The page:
A fourth option would be to put the a text link underneath the dropdown menu, where the user has a very high chance of seeing both. You could disable the text link and then enable it once the user has activated the dropdown menu.

Based on the answer from @tim-huynh and the smart comment from @monkeyzeus, here's my two cents.

  1. Design 1 is ambiguous: user can think the icon means "add this group to something" before triggering the tooltip.
  2. Design 2 is better but still, I agree that a non-educated user won't be able to guess that the "new group" option will be to the right-behind her locus of attention, as @tim-huynh states.
  3. Design 3 is a nice start:
    1. the "new group" option is near the user's locus of attention,
    2. it is always good to provide the user an overview of the existing groups/tags/options before enabling her to create a new one,
    3. still, this design fails at long lists, because the "New Group" button will be placed far down the list (which can exceed the screen height in some cases).

    The solution I suggest is to implement an advanced select widget, like the smart guys at Gmail did for thei tag button below (sorry for the italian terms. "Etichetta" means "Tag")

    • the tag-list is scrollable and has a fixed height, which enables the "New tag" ("Crea nuova" in the image, a "+" icon would have been nice here) button to be always visible,
    • if the list is too long, the user has a searchbar to quickly find what she looks for (my girlfriend has, like, 70+ tags and doesn't even consider scrolling).

    I think the first and third options are both possibilities, depending on how it will be used.

    If the user will need to add items quite frequently, the + button is definitely preferable out of those two, because it will be annoying to go through the list every time to get to "add new". If it might be a very long list of items, this will also increase the annoyance of getting to the "add new" option.

    I would recommend going with the first option as it a clear visual indicator that users can add a new item to the list if not found. Here is an example of how you might do it

    The challenge with the third option is that you are expecting the user to scroll to the bottom of the list before he finds the option to add a new item. If the items in your list are organized alphabetically and the user is scanning alphabetically, after the particular alphabet is over the user might scan any further

    The second option can also work but the concept of a link is a not a strong call to action might be overlooked in reference to the dropdown.

    I would go with the 2nd option because it clearly states the action and there is little or no ambiguity. Either you select one of existing groups from the dropdown or create your own. User experience cannot get simpler than that!

    1st option could also work, but requires some action on users behalf. I assume the tooltip is shown only with a mouse hover and, thus, doesn't trump 2nd option in its simplicity.

    However, this approach might be neater out of design and aesthetics perspective. A small simple (+) button looks better than a text link (and in the case of app internationalization you never know how long your UI text strings are going to be and where it might break a line and create a mess).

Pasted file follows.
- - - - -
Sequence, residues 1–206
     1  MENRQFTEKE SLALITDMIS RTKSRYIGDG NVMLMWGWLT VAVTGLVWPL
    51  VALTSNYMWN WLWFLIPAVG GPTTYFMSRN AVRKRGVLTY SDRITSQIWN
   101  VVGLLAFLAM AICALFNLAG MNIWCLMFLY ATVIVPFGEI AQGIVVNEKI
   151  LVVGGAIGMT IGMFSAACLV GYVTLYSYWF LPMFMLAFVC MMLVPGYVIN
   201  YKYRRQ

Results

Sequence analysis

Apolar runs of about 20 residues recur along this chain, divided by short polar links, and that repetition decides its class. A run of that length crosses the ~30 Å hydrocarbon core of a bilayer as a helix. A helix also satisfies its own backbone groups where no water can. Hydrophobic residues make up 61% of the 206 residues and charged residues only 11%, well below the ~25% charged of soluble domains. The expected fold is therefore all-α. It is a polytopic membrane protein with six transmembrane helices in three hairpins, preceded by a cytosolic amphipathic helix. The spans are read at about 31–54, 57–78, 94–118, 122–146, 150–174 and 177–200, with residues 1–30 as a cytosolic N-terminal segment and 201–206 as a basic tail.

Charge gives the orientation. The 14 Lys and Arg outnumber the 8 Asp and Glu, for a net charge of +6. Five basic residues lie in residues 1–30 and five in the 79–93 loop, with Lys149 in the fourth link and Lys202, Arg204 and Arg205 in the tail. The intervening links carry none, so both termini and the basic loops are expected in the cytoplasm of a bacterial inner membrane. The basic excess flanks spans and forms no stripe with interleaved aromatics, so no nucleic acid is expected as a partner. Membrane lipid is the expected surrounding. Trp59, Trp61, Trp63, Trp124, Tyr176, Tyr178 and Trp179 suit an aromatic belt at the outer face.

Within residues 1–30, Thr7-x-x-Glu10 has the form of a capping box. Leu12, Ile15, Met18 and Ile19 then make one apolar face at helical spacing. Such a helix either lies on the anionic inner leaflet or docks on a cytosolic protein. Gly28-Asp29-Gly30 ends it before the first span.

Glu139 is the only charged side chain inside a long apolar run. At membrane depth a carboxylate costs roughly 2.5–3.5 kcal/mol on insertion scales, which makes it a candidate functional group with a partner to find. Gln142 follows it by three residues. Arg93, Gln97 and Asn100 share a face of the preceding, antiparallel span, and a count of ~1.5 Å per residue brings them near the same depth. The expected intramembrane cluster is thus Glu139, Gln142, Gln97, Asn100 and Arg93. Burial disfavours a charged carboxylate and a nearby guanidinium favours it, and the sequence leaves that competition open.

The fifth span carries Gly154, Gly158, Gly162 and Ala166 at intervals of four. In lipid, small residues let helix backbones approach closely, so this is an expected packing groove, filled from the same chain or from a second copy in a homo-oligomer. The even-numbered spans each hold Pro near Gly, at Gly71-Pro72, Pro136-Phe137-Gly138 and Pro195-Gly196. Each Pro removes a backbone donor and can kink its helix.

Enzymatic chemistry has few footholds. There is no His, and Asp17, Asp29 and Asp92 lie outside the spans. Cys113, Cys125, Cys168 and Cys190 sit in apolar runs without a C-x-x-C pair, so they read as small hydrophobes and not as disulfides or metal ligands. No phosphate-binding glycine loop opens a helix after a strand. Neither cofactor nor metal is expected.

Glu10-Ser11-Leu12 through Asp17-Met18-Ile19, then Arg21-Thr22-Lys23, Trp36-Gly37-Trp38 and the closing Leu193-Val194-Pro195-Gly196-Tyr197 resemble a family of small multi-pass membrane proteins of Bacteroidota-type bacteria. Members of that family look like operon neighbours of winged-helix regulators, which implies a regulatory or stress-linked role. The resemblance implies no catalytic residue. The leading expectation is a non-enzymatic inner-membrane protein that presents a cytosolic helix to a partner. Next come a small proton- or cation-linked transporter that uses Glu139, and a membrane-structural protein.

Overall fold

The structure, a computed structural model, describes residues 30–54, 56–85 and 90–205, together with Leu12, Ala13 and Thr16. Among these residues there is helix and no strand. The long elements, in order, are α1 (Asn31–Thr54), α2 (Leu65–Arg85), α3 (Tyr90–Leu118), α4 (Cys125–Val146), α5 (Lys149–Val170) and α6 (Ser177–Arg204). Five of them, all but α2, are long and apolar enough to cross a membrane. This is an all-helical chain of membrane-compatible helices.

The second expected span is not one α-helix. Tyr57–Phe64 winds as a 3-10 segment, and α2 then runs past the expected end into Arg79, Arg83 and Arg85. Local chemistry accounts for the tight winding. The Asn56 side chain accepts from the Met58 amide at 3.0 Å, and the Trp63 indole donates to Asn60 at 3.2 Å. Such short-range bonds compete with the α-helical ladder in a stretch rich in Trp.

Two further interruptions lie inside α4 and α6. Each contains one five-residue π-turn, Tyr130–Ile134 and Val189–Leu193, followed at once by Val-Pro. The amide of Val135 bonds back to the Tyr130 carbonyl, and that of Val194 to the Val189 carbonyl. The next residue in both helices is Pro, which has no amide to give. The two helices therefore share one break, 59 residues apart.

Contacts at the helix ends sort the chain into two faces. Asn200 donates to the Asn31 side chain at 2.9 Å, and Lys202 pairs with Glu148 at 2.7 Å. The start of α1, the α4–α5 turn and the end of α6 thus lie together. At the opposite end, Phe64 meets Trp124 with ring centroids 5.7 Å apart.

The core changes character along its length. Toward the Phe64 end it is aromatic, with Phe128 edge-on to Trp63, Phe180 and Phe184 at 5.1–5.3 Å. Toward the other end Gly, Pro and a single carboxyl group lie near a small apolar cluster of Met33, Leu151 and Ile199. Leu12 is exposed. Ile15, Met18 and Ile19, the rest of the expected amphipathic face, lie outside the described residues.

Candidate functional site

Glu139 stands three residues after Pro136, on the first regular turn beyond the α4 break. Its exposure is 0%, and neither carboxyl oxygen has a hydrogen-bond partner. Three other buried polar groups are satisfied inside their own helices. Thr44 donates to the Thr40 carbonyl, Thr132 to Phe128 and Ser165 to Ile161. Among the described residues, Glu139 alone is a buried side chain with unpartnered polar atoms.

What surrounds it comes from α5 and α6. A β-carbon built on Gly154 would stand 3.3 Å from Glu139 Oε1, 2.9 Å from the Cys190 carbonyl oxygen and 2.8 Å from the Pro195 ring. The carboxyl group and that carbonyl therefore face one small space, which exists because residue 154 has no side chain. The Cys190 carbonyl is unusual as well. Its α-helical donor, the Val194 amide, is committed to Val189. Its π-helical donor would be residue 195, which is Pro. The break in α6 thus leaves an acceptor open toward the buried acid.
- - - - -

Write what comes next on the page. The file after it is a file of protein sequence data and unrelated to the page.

So to make it work, you could show the tooltip in the beginning, but hide it permanently when user has created a new group once or twice, and, thus, knows what this button does.

    Needless to say, it would require some user preference/data storage functionality (maybe localStorage which is accessable in all modern browsers http://caniuse.com/#feat=namevalue-storage, or if more users are expected using your app from a single device/pc then store it in the backend. )

    3rd option is clearly worst of them all. User has to needlessly discover a crucial part of functionality, which could be very hard if the list of groups is large and requires scrolling.

    I would like to add that The third option will depend on the size of the list. If the dropdown is very long, you might want to consider a predictive search, and then use that term to "Add New Group" if it's not found.

    If this is a high volume page it's worth investigating with analytic tools to find out for sure.

    Ideally you could investigate your users using web analytics to determine the best answer for your user base expectations. clicky.com, for example, allows you to time each duration between the click on the form element above the item group and the form element after the item group field. Then you look at the analytic timing diagram and do a histogram of the duration users spend on the "item group" field.

    You don't necessarily need to do this timing analysis with an A/B setup if you want you can just pick one, build, and check for severity of design flaws later. later, you look at the histogram of just people who choose the "add new category" option and check for out of sequence use (they didn't see it at first and had to go back up to that form element later). If you have a large enough sample size you should see distinct peeks in the timing histogram with each peak representing a different user models time to recognize the functionality. As a fun exercise, you can profile the distinct groups of your users base by looking at the peaks in the timing histogram and assigning each peak to a different user mental model without the need for a survey or other annoying feedback mechanism normally used for segmenting an audience.